Red teamers have a new tool in their post-exploitation arsenal

In the post-exploitation phase of an attack, red teamers will typically monitor compromised machines to determine the value of the data they contain, and whether this data can be used to further compromise the network.

Ethical hackers now have a new tool in their arsenal during this critical period, following the release of PowerThIEf, a new library that uses Microsoft’s Component Object Model (COM) interface to expose the currently active Internet Explorer windows and tabs.

The tool can also be used to capture user credentials and other secrets – even if they are using a password manager.

PowerThIEf was developed by Rob Maslen, principal security consultant at Nettitude, who presented the toolkit at this year’s SteelCon event in the UK.

“During some of our red team engagements, we quite often find that Internet Explorer is still being used as the business browser of choice,” Maslen explained. “We have also found that quite a lot of intranet sites and internal business applications mandate its usage.

“Consequently, a lot of targets we need to access during engagements either have their credentials inputted into or have session cookies stored within an Internet Explorer session.”

Launched by Microsoft in 1993, COM is a core component of Windows that allows structured communication and interoperability between subsystems.

While the interface allows interoperability between these components, Maslen drew on previous research to develop a new technique that uses COM to enumerate all the Internet Explorer windows on a machine; capture credentials in transit; inject JavaScript into any running IE window; view and edit the DOM; and force IE to load any DLLs of an attacker’s choosing.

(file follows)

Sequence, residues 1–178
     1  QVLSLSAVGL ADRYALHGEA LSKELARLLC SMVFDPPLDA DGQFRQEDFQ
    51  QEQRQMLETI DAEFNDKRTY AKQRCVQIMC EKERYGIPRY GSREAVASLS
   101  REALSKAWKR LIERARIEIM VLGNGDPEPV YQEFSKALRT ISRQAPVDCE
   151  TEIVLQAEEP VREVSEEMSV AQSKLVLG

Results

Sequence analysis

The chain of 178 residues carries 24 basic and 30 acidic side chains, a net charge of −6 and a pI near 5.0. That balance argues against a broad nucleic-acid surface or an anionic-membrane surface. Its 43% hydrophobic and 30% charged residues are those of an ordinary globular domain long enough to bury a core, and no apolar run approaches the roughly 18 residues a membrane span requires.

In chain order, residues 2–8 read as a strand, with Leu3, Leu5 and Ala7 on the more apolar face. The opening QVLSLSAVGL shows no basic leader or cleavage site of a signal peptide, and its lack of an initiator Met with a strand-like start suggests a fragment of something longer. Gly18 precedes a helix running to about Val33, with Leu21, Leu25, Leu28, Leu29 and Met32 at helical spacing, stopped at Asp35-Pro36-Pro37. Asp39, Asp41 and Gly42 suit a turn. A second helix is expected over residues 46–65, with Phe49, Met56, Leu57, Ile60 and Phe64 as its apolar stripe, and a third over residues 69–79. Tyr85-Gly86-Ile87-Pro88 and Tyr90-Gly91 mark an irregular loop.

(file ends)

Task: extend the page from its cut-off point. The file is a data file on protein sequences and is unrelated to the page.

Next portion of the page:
“Despite the programming constructs and some of the techniques being well documented, there didn’t appear to be a library out there which brought it all together in order to help a red team,” Maslen said in a recent blog post that introduces the post-exploitation toolkit.

According to the security consultant, PowerThIEF can be used to steal user credentials even if they are using password managers, which render traditional key-logging ineffective.

Of course, the caveat here is that PowerThIEf is only useful against compromised targets using Internet Explorer.

But despite the fact that the market share of Microsoft’s now-decommissioned browser now trails behind many other platforms, Maslen said it remains ubiquitous in the business world – and therefore still a highly valued target.

“Unfortunately, web applications for business are still generally accessed by Internet Explorer,” he said during SteelCon. “It still seems to be the business browser of choice.”

“I started thinking about this functionality and the fact that within a red team engagement we are looking to target people who are probably using IE, and that this might make a handy library. So here it is: PowerThIEf.”